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Gibbs v. Breed, Abbott & Morgan - 271 A.D.2d 180, 710 N.Y.S.2d 578 (App. Div. 2000)

Rule:

The members of a partnership owe each other a duty of loyalty and good faith, and as a fiduciary, a partner must consider his or her partners' welfare, and refrain from acting for purely private gain. Partners are constrained by such duties throughout the life of the partnership and the manner in which partners plan for and implement withdrawals is still subject to the constraints imposed on them by virtue of their status as fiduciaries.

Facts:

Plaintiffs Charles Gibbs and Robert Sheehan were former partners of Breed, Abbott & Morgan (BAM), who specialized in trust and estate law. Plaintiffs withdrew from BAM in July 1991 to join Chadbourne & Parke (Chadbourne). The plaintiffs supplied confidential employee information to Chadbourne while they were still partners of BAM. Plaintiffs brought the present action for monies due to them under their BAM partnership agreement. Defendants asserted various counterclaims alleging that plaintiffs breached their fiduciary duty to BAM. The counterclaims were severed and tried without a jury. Plaintiffs appealed from the trial court's determination that, in the course of both partners' planning and eventually implementing their withdrawal from BAM, they breached their fiduciary duty to the partnership, thereby resulting to the financial losses of BAM.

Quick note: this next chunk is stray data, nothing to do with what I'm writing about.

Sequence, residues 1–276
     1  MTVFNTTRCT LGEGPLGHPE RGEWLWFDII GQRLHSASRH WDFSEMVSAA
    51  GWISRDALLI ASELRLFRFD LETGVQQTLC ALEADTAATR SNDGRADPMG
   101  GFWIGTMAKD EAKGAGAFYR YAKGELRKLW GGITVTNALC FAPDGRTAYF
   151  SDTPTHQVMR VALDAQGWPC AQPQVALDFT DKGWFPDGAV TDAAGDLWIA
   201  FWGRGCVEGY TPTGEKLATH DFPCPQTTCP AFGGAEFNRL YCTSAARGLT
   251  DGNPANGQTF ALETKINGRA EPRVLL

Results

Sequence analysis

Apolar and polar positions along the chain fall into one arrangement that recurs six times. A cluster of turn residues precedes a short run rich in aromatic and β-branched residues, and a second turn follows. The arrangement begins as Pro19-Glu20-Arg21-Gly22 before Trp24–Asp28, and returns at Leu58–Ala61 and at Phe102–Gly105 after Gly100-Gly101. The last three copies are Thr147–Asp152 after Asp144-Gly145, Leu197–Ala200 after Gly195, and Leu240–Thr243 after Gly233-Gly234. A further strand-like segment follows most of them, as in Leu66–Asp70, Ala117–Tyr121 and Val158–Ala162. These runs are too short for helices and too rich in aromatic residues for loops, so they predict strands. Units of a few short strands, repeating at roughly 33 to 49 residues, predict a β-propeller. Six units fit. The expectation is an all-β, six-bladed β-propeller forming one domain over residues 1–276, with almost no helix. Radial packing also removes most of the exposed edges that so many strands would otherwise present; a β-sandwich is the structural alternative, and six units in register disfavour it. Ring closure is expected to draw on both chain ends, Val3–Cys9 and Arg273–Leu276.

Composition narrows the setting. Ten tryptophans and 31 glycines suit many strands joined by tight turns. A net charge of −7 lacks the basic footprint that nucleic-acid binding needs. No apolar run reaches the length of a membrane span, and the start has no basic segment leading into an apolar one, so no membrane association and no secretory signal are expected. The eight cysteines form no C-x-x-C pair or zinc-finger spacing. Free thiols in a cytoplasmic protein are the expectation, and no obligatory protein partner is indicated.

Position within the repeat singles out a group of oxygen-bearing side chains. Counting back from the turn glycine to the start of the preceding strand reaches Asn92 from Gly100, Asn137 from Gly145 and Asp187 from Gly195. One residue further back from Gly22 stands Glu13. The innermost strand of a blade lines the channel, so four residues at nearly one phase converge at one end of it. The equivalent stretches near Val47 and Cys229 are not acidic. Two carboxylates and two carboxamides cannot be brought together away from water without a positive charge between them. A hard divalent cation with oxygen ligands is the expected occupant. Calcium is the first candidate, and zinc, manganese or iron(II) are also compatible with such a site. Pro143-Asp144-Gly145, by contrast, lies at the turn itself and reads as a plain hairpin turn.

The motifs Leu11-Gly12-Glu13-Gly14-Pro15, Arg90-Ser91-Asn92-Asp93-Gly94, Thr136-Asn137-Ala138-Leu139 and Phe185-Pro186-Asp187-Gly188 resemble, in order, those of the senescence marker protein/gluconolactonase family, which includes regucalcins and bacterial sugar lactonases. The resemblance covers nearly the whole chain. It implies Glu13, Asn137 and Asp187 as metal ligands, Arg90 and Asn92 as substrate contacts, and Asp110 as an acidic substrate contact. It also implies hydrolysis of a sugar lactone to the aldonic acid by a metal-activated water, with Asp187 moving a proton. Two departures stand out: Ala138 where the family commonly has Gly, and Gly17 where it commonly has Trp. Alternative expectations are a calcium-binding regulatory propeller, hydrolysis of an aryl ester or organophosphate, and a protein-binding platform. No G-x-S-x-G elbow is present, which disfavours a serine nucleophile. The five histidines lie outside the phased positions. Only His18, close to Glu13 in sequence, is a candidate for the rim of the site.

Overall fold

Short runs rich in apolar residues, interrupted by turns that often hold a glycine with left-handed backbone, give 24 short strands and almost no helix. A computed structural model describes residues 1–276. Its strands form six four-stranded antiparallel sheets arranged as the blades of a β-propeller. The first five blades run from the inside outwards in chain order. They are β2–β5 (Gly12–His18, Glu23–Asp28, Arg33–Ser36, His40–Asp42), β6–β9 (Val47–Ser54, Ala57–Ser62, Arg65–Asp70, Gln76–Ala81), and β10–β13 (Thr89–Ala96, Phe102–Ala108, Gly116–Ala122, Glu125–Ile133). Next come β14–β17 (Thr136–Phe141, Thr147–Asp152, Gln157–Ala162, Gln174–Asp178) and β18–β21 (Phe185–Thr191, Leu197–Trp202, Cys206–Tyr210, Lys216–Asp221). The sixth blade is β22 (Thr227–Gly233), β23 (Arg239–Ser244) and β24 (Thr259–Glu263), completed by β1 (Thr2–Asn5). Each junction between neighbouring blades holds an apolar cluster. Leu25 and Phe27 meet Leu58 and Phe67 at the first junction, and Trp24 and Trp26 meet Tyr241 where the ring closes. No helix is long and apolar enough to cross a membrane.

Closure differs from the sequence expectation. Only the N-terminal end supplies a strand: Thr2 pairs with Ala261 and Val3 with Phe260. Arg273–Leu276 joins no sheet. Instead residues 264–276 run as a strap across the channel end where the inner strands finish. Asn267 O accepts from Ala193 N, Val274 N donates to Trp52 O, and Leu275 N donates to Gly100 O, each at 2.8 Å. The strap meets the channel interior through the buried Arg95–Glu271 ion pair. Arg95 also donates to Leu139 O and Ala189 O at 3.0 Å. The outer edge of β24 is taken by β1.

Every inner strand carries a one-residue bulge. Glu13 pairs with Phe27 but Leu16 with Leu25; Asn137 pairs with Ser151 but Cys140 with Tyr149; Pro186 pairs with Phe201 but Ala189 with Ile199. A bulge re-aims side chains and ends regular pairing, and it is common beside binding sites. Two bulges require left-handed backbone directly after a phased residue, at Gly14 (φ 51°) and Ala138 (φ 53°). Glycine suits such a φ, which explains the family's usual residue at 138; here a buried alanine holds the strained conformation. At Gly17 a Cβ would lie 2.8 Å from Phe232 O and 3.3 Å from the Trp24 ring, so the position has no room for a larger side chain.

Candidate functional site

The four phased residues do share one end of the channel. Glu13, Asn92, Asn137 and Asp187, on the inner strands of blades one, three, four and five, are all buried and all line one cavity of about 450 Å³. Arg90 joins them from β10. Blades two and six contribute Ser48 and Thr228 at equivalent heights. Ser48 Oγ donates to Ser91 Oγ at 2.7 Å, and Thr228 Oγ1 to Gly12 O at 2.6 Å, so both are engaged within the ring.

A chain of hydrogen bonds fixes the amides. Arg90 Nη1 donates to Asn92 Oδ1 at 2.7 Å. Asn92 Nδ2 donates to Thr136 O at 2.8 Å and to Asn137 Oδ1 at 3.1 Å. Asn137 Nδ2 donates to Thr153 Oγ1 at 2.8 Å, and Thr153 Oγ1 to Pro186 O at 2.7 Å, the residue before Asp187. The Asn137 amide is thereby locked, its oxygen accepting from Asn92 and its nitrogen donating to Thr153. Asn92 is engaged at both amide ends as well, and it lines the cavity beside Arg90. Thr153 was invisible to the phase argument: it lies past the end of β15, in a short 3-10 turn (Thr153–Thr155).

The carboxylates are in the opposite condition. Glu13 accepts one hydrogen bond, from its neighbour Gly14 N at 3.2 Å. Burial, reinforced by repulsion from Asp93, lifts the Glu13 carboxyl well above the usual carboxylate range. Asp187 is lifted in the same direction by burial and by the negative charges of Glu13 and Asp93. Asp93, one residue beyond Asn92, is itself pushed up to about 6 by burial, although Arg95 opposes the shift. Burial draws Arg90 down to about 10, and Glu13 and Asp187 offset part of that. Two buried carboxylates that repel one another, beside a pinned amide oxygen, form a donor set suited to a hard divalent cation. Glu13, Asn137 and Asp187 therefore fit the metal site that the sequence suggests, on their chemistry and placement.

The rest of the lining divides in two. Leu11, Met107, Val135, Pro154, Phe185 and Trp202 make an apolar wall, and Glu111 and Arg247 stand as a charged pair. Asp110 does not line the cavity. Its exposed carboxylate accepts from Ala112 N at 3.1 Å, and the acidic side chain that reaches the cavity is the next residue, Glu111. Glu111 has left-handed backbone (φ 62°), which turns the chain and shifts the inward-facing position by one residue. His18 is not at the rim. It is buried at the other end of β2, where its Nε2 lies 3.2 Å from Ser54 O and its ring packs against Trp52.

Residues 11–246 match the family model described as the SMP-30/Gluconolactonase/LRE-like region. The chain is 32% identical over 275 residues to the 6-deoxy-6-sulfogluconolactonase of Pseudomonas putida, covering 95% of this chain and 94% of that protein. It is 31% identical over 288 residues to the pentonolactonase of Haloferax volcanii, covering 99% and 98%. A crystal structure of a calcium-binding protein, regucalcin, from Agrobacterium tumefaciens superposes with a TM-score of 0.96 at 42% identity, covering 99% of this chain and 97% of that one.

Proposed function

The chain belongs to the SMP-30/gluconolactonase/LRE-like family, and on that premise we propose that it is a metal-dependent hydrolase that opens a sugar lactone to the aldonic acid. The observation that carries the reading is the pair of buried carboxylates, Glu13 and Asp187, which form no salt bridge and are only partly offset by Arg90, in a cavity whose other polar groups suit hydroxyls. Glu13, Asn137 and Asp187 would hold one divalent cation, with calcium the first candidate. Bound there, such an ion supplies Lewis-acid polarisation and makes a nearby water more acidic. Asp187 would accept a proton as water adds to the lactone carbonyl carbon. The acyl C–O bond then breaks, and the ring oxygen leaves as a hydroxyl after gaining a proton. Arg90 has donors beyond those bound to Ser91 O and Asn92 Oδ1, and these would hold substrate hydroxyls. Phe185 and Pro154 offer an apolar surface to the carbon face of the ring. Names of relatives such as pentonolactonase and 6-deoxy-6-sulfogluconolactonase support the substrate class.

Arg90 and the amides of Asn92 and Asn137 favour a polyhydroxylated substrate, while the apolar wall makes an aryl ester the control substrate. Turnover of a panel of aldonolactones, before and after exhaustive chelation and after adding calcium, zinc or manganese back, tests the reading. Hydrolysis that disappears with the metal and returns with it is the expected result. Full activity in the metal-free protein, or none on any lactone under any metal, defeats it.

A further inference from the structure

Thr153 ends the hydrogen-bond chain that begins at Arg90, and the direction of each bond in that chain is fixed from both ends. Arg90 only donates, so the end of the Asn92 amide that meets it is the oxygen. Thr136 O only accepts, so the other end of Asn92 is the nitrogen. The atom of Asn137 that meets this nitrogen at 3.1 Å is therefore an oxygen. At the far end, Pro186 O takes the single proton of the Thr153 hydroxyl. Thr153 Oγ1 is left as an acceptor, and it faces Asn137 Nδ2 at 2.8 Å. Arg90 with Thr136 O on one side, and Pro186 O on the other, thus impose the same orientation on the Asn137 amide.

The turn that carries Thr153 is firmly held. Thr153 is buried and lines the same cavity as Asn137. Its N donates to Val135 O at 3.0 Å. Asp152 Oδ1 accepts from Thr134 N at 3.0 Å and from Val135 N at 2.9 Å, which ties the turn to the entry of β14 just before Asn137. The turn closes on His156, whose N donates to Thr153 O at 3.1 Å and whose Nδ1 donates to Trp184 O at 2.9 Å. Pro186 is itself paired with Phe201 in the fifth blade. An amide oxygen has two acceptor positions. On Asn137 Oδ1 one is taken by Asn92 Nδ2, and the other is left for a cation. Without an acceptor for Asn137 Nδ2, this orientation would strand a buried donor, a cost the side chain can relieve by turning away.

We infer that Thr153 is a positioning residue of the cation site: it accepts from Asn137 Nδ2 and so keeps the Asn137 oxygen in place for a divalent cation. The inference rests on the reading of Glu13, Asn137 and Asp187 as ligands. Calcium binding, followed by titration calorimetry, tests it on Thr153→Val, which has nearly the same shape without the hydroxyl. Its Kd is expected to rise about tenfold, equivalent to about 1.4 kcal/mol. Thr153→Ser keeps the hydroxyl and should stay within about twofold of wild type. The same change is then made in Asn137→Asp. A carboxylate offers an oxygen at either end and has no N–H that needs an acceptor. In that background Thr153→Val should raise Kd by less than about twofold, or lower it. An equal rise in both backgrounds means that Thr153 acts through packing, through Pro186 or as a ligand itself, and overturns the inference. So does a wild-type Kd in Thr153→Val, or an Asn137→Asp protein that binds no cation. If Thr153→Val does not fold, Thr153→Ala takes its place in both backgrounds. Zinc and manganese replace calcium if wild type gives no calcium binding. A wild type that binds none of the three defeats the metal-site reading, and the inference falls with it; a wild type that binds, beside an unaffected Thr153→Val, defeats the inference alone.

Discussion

Issue:

Under the circumstances of the case at hand, did the plaintiff attorneys breach their fiduciary duty to the partnership to which they had previously belonged? If so, did the breach result to BAM’s financial loss, thereby entitling BAM for recovery of lost profits?

Answer:

1) Qualified yes. 2) No.

Conclusion:

The Court held that plaintiffs breached their fiduciary duty as partners of BAM when they supplied confidential information to the firm they were joining while still partners with BAM. However, the Court found no other substantial breach of the plaintiffs’ fiduciary duty to the partnership. Furthermore, the Court held that BAM was not able to sufficiently establish how the plaintiffs’ act of supplying confidential information to Chadbourne resulted to BAM’s financial loss.

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